An MIT researcher talks about the usefulness of water cooler chatter
Every March, we hear dire warnings about workplace productivity lost to water cooler chats about the NCAA men's basketball tournaments. In 2008, Challenger, Gray & Christmas estimated that the productivity lost to March Madness would cost the economy as much as $1.7 billion. Idle chatter, it seems, is an expensive waste of workplace time.
Well, Alex (Sandy) Pentland, Ph.D., of MIT would beg to differ. In fact, Dr. Pentland, the Toshiba Professor of Media Arts and Sciences at MIT and the faculty director of MIT's Digital Life consortium, and Benjamin Waber, a doctoral candidate at the MIT Media Lab, have found that workplace chatter, even the idle kind, increases productivity.
To test the theory, Dr. Pentland and Waber came up with a clever method for examining the impact of workplace socializing. They designed badges imbedded with a radio transceiver, a microphone, a microprocessor, and a set of motion sensors. The badges kept track of the wearers' location, direction, and voice inflections. When one badge wearer met another, the length and tone of the wearers' conversation was measured. The badges could even track subtle body shifts when wearers were sitting down. Then the researchers compared that data with the wearers' productivity.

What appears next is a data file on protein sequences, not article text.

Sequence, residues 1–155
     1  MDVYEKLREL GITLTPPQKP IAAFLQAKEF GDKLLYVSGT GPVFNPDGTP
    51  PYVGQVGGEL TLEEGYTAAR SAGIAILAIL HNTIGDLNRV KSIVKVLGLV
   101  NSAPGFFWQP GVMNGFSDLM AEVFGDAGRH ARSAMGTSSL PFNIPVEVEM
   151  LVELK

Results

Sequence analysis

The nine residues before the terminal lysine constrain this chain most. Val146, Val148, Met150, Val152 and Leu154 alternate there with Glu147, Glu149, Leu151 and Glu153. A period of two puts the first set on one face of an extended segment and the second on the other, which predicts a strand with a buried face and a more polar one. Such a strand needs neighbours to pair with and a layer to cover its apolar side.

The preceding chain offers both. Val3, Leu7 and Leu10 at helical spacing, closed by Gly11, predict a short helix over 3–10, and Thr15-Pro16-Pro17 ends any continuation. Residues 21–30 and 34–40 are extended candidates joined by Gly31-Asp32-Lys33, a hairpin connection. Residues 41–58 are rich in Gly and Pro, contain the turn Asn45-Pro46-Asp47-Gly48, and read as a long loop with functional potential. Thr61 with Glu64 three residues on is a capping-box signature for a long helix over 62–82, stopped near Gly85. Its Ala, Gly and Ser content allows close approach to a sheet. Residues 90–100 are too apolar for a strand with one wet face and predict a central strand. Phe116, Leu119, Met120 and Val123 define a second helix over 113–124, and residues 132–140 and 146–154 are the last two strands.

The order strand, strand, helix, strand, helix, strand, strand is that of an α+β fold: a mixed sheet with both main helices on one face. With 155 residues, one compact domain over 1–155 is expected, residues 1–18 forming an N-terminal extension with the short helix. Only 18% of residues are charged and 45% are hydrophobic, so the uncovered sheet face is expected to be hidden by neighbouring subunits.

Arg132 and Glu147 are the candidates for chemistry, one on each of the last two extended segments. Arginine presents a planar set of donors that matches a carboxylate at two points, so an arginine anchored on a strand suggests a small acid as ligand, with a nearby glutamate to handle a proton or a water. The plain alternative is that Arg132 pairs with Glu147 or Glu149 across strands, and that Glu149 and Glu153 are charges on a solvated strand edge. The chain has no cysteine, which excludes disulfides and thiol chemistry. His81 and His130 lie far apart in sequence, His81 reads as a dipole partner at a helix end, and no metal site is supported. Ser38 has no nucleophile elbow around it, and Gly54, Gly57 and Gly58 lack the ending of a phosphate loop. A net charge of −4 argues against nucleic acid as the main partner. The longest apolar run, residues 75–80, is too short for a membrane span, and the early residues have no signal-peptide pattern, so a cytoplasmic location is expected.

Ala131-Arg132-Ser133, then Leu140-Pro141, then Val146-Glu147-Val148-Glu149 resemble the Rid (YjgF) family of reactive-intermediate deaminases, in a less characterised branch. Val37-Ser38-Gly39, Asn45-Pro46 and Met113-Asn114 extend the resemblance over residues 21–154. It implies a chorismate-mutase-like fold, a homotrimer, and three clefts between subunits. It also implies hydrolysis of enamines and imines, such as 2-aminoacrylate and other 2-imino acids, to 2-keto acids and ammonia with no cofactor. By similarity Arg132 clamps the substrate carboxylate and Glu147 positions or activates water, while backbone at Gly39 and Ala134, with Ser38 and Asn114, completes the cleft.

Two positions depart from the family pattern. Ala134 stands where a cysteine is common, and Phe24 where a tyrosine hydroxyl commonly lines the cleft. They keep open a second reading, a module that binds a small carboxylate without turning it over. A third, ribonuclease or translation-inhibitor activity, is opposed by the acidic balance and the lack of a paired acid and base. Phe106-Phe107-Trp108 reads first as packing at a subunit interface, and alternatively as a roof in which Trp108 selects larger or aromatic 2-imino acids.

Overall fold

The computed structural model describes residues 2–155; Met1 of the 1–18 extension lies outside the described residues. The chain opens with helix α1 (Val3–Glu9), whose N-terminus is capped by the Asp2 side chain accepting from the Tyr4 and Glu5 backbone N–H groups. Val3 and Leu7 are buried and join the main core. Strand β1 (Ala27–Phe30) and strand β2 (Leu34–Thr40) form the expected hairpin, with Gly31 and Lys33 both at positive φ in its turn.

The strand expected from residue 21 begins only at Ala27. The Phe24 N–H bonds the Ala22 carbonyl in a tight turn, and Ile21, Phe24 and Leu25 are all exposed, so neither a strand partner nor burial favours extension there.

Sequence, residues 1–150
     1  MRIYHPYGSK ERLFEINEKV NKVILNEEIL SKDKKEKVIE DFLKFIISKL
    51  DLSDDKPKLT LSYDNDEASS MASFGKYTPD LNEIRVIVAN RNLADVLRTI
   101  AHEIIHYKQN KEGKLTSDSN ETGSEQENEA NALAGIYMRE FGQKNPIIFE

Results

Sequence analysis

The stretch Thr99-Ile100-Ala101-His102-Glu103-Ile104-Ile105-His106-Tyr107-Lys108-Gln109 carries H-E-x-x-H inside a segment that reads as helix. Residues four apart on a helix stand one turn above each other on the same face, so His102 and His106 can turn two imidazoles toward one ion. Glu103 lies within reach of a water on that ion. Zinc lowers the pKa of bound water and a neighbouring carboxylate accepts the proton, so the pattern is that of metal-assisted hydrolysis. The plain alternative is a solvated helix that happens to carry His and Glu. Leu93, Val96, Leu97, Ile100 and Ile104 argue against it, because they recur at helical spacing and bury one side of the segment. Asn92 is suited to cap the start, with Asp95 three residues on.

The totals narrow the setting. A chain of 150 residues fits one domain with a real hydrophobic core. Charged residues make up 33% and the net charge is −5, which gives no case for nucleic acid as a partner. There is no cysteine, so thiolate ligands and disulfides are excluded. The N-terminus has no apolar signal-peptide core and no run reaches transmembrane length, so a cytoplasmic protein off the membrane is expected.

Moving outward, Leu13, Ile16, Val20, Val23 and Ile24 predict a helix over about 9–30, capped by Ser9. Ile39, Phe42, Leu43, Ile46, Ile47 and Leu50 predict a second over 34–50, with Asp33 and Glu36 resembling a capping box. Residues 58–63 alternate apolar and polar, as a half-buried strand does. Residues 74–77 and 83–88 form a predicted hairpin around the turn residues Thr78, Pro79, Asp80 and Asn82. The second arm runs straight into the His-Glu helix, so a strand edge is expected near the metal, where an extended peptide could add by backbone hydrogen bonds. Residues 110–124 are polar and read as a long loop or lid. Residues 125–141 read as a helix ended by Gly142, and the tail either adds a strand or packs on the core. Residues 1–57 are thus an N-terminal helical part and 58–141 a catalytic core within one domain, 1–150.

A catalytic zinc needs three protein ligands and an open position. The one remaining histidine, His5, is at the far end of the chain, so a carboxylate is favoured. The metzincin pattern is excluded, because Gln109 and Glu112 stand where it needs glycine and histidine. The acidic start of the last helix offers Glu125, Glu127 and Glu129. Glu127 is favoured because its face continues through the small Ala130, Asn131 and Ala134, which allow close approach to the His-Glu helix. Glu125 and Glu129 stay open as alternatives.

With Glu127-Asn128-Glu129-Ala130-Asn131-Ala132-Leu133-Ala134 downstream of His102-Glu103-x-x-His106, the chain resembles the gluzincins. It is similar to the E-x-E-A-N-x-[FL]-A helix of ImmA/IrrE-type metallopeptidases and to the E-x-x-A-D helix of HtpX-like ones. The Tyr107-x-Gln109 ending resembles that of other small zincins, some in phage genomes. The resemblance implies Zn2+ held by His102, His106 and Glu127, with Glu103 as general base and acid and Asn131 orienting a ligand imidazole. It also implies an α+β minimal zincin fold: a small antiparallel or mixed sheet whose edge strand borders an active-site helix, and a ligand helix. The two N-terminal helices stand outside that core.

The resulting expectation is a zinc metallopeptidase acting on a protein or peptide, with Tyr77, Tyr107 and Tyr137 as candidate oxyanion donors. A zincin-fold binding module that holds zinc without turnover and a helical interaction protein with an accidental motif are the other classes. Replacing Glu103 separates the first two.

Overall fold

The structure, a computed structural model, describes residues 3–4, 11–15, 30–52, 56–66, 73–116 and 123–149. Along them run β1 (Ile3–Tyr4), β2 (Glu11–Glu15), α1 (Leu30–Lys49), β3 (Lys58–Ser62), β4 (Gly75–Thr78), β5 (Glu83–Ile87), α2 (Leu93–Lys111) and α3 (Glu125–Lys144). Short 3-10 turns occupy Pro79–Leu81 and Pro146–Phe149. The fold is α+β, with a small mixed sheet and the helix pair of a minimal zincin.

Pentland and Waber found that the badge wearers with more social connections -- and more interactions with coworkers in their social network -- had the highest productivity, whether they were talking about work or, say, basketball. And people who spent the most time "in the groove," moving rhythmically as they went about their work, had higher productivity levels than others.
That means, as Dr. Pentland explains in this interview, that perhaps it's a mistake for managers to send workers scurrying back to their desks. In fact, as he relates, it might be a good idea for managers to encourage workers to spread out and talk to others, to make friends, and to build networks -- even ones based on basketball scores. Read on for a fascinating look at, and justification for, one of the greatest guilty pleasures of work -- idle chit-chat.